Day 4 of US extradition hearing as it played out
- ‘Fair trial threatened’ as judge rejects Assange request to sit with lawyers
Day four of Julian Assange’s extradition hearing saw lawyers discussing whether international law supersedes English law and a dramatic rejection by the judge of a simple request for Assange to be allowed to sit with his lawyers.
Snowy and wet weather didn’t deter the WikiLeaks founder’s supporters who gathered outside the Woolwich Crown Court and could again be heard inside the courtroom itself.
It was expected that the day would begin with Judge Vanessa Baraitser considering an application by the defense for Assange to sit on the benches with his lawyers, rather than in the glass-fronted dock where he has been so far, flanked by security guards, and unable to communicate with his team or hear proceedings properly.
Instead, however, the court offered Assange headphones to help him hear. He took the headset and Edward Fitzgerald QC for the defense said they would “give it a try” but he would need to be “glued to the mic” to ensure Assange could hear him and it may not be a proper solution.
It was not the last that was heard of the issue, which blew up dramatically later in the day.
Legal arguments kicked off with James Lewis QC for the prosecution rehashing points made on Wednesday that English law contains no exception to extradition for “political offenses” and that this trumps international law. On the contrary, the defense has argued that a 2003 US-UK extradition treaty (along with a slew of other treaties and international conventions), do prevent extradition for political offenses — and that this is more relevant.
Lewis argued that Fitzgerald was trying to introduce an exception through the “backdoor” and subverting the intention of parliament. He also argued that “political offenses” would need to mean Assange explicitly aimed to overthrow the US government or incite a change in policy — and said it was not clear that this was the whistleblower’s goal when he leaked information.
Lewis also reiterated his argument from Monday’s hearing that Assange was not being prosecuted for leaking information to the media, but for putting “lives at risk.” The prosecution has not, however, been able to prove that any lives were actually lost due to WikiLeaks’ actions — and the defense has, over the past three days, made a thorough case that Assange went to great lengths to redact documents, even warning the US government directly when other actors were about to dump unredacted versions online.
‘Alice in Wonderland world’
Fitzgerald rose for the defense just before midday. Lewis, he said, was going “too far” to suggest that the bilateral treaty between the US and UK had no legal significance — particularly since the treaty itself is the basis for the US’s extradition request. The defense accepted that the extradition treaty is not domestic law, but said the European Convention on Human rights is. At this point, Judge Baraitser asked Fitzgerald if he was just arguing “in circles.”
He said the court would be in a “pretty strange Alice in Wonderland world” if the treaty that gave rise to the extradition request supposedly had nothing to do with the legality of it.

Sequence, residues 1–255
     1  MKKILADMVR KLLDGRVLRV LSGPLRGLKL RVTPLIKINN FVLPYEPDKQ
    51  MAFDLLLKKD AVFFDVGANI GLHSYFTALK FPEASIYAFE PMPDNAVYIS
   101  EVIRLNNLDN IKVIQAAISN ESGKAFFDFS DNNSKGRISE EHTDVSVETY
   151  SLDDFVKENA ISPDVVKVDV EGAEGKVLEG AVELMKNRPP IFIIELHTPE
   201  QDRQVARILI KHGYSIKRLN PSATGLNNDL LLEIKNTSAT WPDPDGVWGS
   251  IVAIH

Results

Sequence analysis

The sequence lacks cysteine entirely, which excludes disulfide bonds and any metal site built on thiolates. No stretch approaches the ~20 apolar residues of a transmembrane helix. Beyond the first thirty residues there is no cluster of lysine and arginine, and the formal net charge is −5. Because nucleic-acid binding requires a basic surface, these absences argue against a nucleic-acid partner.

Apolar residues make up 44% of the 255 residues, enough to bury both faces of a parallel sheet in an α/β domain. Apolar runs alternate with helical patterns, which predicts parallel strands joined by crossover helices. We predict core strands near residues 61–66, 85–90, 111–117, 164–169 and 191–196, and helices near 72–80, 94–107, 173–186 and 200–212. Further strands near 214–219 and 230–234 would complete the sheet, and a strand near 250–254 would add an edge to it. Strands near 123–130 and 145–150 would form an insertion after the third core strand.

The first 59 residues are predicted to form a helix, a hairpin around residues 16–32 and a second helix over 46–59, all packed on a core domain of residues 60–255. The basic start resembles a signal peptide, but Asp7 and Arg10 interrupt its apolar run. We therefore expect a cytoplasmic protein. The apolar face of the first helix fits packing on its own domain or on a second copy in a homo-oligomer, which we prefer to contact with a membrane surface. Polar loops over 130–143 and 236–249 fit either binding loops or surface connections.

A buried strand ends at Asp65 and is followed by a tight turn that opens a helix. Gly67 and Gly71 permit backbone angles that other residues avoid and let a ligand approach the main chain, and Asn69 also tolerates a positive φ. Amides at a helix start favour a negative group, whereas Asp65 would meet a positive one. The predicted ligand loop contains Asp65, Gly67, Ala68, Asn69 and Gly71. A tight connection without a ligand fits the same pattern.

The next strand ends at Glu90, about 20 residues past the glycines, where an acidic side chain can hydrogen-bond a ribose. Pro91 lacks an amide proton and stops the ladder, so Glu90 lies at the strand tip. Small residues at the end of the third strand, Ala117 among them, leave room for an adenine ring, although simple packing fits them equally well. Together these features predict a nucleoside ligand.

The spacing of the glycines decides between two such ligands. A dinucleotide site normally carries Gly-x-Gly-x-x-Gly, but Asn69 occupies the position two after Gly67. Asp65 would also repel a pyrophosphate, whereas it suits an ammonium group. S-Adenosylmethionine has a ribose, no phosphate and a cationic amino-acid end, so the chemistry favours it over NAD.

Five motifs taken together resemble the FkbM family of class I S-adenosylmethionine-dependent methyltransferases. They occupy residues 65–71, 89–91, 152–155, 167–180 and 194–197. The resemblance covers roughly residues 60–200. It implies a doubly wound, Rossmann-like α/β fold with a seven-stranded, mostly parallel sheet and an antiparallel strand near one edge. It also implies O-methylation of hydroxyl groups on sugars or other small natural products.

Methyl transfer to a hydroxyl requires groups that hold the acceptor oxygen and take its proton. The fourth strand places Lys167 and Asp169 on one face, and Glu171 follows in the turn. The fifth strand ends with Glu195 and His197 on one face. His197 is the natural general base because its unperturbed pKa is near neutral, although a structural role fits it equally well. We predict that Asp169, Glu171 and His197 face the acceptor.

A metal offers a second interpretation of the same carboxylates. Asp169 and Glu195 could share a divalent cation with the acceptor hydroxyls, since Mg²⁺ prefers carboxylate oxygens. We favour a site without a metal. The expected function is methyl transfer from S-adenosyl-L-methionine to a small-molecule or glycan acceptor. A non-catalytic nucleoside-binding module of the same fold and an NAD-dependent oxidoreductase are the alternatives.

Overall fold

He argued that the US was engaging in “abuse of process” with the extradition request and that the courts had the powers to rule on that. He pointed to a previous case wherein the US tried to extradite a US citizen on tax evasion charges and it was denied on “abuse of process” grounds.
Asked by the judge why he believes Assange was seeking a change in US government policy rather than simply exposing government wrongdoing, Fitzgerald asked “what other goal” could there have been, other than a change in policy? He said WikiLeaks’ actions were explicitly designed to change White House policy in places like Iraq and Afghanistan.
‘Interfering with fair trial’
After a long lunch break, Mark Summers QC rose for the defense and told the court that the headset Assange had been given was not a solution to the problem of him being unable to hear and communicate with his team. This sparked a heated back and forth between Summers and Judge Baraitser.
Summers argued that the glass dock in which Assange was sitting presented numerous logistical issues and cited a report which concluded that such enclosures interfere with the right to a fair trial. He said the presence of mics and US personnel in the courtroom also made it impossible to communicate privately.
Judge Baraitser said she was willing to offer frequent breaks for Assange to confer with his team, but Summers did not accept this as a solution, saying it was “not practical” to stop proceedings “every three minutes” and that it was normal practice around the world — and in the UK — for a prisoner to be allowed sit and confer with lawyers.
Hostile to the defense’s concerns, the judge accused Summers of exaggerating and said that if a three-week hearing planned for May-June needed to become a six-week hearing, “so be it.”
The drama prompted Assange himself to rise from his seat to complain further. Judge Baraitser warned him to sit back down and speak through his lawyers. “I can’t,” he said. She told him to put his hand up if he wanted to attract the attention of his team, but Summers complained that since Assange was behind him, he couldn’t see when he had his hand up.
Even when reminded of Assange’s “particular vulnerability” and mental health issues, Baraitser did not back down, and ultimately refused the request for him to leave the dock. Somewhat surprisingly, the US prosecution maintained a “neutral” approach and did not object to the prospect of Assange sitting with his lawyers — but it made no difference.
Following some brief discussion about upcoming hearing dates, the court adjourned just before 3pm. It is now expected to resume for a case management hearing on April 7.